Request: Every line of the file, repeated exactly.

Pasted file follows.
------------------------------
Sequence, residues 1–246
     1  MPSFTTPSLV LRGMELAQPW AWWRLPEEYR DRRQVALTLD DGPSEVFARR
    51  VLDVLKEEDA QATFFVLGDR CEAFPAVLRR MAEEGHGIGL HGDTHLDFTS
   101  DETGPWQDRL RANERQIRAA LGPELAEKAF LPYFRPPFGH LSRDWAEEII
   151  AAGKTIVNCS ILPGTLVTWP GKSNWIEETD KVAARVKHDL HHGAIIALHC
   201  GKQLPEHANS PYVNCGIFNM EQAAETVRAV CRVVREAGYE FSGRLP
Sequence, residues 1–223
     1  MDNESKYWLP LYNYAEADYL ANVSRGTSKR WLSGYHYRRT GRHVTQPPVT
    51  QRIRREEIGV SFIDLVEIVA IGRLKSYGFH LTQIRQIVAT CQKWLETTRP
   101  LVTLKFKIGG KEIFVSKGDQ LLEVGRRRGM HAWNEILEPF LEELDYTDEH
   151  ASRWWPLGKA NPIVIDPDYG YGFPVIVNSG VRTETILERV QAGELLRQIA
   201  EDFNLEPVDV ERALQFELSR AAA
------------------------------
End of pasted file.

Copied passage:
Sequence, residues 1–246
     1  MPSFTTPSLV LRGMELAQPW AWWRLPEEYR DRRQVALTLD DGPSEVFARR
    51  VLDVLKEEDA QATFFVLGDR CEAFPAVLRR MAEEGHGIGL HGDTHLDFTS
   101  DETGPWQDRL RANERQIRAA LGPELAEKAF LPYFRPPFGH LSRDWAEEII
   151  AAGKTIVNCS ILPGTLVTWP GKSNWIEETD KVAARVKHDL HHGAIIALHC
   201  GKQLPEHANS PYVNCGIFNM EQAAETVRAV CRVVREAGYE FSGRLP
Sequence, residues 1–223
     1  MDNESKYWLP LYNYAEADYL ANVSRGTSKR WLSGYHYRRT GRHVTQPPVT
    51  QRIRREEIGV SFIDLVEIVA IGRLKSYGFH LTQIRQIVAT CQKWLETTRP
   101  LVTLKFKIGG KEIFVSKGDQ LLEVGRRRGM HAWNEILEPF LEELDYTDEH
   151  ASRWWPLGKA NPIVIDPDYG YGFPVIVNSG VRTETILERV QAGELLRQIA
   201  EDFNLEPVDV ERALQFELSR AAA